Tony says, “Schools force-feed the curriculum to students every single day. The political ‘war on education’ has forced schools into an all-consuming quest for higher ACT and SAT scores, disregarding the toll it takes on the students.

“I work at an excellent school. My principal asked the teachers what our school was doing well. My answer: ‘The trains run on time.’

“This was not the answer my principal expected. I would give my school an A-plus for organization and discipline. It’s the education that bothers me…. My own best teachers were artists. They didn’t paint by the numbers.”

Tony’s views on education are biting, but they are fueled by a desire to see young people thrive and be successful and happy, and a distaste for the obstacles that politically motivated policies place in their way.

For Tony, the flipside is that he is intimately familiar with a side of public schools where happy, motivated students learn to perform at high levels of excellence every single day.

Tony Holler with nine-time Olympic gold medalist Carl Lewis during a training consortium where Tony and Carl were featured speakers. Tony’s ideas on training sprinters reflect his beliefs about learning in the classroom—that it should be challenging and fun but not grimly stressful or drearily mechanical.

The methods used on that side of the school campus look remarkably like the Education for Life approach of the Living Wisdom Schools. The problem is, you’ll rarely find these extremely successful, comprehensively proven methods practiced in the classroom.

Besides teaching honors chemistry, Tony coaches track and field. In sports, unlike academics as taught today, what matters isn’t test scores but solid results. On the football field, there are no test scores to distract attention from the scoreboard. Coaches must either adopt methods that bring out the best in every kid, or risk being fired.

Tony believes that if teachers were allowed to adopt coaching methods, it would transform our public schools overnight into vibrant centers of learning, populated by motivated, happy students.

Those methods are on display every single day, right under the noses of the school administrators and government policy makers—yet nobody is paying attention.

When Tony coached freshman football from 2010 to 2015, his teams went 49-4, averaging 44-plus points per game. When he taught at Harrisburg (Illinois) High School, his track teams won the state title in the 4×100 a remarkable four times. In 2018, his Plainfield North High track team won the 4×100 title in an Illinois state record time of 41.29. An hour later, a 15-year-old PNHS sprinter ran a state record in the 100 (10.31). The team won four gold medals and placed third, close behind two much larger track powerhouse schools.

Tony knows what it takes to nurture winners on the track and in the classroom. What follows is Tony’s overview of the principles that earned him election to the Illinois Track and Cross Country Coaches Association Hall of Fame, and that he believes should be adopted in school classrooms everywhere.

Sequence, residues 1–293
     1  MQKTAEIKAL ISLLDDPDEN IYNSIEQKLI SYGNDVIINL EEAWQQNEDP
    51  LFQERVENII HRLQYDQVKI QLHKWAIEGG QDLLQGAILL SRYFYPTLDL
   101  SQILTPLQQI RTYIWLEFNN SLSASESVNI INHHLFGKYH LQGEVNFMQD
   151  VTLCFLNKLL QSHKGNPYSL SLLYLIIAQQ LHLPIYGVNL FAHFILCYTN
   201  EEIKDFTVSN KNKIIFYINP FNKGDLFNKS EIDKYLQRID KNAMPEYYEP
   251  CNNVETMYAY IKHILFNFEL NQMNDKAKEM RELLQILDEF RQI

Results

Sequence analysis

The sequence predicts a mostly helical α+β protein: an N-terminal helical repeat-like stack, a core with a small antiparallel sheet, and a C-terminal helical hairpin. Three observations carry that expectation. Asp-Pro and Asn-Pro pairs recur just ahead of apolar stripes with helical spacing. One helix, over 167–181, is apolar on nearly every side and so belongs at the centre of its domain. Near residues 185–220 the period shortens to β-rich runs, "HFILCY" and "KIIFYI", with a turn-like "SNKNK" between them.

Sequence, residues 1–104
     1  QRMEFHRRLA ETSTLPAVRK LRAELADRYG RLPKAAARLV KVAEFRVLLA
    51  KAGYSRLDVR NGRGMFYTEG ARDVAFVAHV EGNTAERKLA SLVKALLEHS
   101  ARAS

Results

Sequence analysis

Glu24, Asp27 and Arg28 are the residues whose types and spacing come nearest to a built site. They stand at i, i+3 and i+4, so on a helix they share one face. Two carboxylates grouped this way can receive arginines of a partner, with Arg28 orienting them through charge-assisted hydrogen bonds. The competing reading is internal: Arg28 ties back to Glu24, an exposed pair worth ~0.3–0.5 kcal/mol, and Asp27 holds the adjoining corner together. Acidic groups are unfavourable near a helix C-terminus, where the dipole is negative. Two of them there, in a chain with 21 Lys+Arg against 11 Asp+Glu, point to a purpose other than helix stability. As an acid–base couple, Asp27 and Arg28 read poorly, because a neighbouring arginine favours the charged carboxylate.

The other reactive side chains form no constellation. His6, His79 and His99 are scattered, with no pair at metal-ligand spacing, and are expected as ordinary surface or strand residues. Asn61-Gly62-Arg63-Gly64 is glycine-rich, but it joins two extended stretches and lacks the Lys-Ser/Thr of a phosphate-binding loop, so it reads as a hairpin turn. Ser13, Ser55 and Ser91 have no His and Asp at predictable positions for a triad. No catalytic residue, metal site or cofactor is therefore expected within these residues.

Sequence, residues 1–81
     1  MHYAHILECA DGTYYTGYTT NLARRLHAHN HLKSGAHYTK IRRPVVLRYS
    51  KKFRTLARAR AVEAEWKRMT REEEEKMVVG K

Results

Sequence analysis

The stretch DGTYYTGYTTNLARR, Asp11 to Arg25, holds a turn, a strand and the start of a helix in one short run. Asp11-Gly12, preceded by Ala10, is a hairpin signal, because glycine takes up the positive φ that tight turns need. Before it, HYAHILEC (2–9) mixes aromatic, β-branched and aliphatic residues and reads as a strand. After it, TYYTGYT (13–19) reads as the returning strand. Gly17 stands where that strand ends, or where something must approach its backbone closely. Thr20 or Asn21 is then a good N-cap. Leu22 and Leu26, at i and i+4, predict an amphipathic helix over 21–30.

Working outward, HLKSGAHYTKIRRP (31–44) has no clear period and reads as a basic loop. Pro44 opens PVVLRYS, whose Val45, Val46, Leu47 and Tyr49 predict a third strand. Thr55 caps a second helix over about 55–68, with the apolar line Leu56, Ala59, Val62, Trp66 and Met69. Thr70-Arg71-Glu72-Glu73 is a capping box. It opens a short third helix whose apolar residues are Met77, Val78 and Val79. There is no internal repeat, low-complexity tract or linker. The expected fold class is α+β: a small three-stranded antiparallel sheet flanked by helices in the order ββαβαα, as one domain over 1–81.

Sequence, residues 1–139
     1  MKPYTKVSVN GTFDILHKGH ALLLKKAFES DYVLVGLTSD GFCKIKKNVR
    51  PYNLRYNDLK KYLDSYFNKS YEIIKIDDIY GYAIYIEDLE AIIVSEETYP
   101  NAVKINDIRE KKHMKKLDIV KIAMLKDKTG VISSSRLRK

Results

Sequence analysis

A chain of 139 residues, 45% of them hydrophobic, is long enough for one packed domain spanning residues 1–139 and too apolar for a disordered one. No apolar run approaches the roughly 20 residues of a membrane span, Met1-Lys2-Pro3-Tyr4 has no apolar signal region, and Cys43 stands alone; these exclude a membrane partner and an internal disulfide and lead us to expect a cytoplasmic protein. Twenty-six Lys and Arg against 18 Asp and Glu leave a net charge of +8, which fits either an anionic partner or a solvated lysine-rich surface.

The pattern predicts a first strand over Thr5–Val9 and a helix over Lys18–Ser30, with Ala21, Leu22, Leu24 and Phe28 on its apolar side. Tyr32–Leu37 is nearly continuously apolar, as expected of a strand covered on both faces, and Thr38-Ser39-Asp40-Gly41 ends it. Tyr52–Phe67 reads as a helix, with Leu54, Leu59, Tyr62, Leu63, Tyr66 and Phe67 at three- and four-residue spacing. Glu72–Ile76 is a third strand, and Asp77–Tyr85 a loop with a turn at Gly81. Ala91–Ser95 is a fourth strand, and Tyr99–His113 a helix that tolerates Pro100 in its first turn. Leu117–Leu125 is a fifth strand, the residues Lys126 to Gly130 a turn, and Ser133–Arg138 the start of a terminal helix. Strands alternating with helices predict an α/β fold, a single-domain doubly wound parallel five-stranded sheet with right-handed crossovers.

Sports are not graduation requirements. Kids play sports because they are challenging and fun. Advanced Placement courses should similarly “sell” themselves, and not be forced upon all of the students by government decree.

Coaches don’t spend 80 percent of their time with the 20 percent of kids who can’t do the work. Students should be helped to succeed at their own level. A one-size-fits-all definition of success is ridiculous, and is bound to fail.

Coaches aren’t told how to coach. Schools should give teachers the freedom to tailor the curriculum to the needs of the individual student.

Sports programs are promoted. Kids play sports because they hear rumors about the great team culture on a football, basketball, baseball, or track team. Teachers should be allowed to make their courses exciting and attractive to the students—whatever it takes.

You play to win the game. Too many schools are diploma mills. Schools should set themselves no lesser goal than to help every single student experience the greatest possible success at their own, individual level of ability.

All men are not created equal. Every student is talented, but not in the same way as other students. The obvious fact of individual differences should be given primary consideration in the classroom.

Coaches don’t give grades. Grades are meaningful only as they measure each student’s progress. Grades should not be held up as the goal, or used as a motivator—or, worse, as a punishment.

Failure is not an option. Great coaches make sure that every player has daily experiences of success. This is the way to create excitement and enthusiasm for learning. How to give each student daily success experiences? By challenging them at their own level.

Coaches are leaders, not bosses. Rigid, authoritarian teachers are obsolete. Teachers must have the flexibility, skills, and experience to make learning exciting and to introduce every student to the thrill of overcoming challenges, again and again, every day.

Coaches don’t need advanced degrees. The value of an advanced degree has been artificially inflated in the teaching profession. Good teachers know how to help kids succeed, regardless of their academic credentials.

Tony concludes:

“I’ve spent thirty-eight of my fifty-nine years going to high school and hanging out with teenagers. As I enter the twilight of my teaching career, I dream of better schools. I dream of independent students who are bold and assertive. I dream of students who have the enthusiasm of athletes. I dream of teachers who run their classrooms like coaches, tailoring courses to the talents and interests of their students. If schools were more like sports, maybe kids would love school.”

(Excerpted with permission from “Ten Ways to Improve Schools Using Coaching Principles,” by Tony Holler: https://www.freelapusa.com/ten-ways-to-improve-schools-using-coaching-principles/.)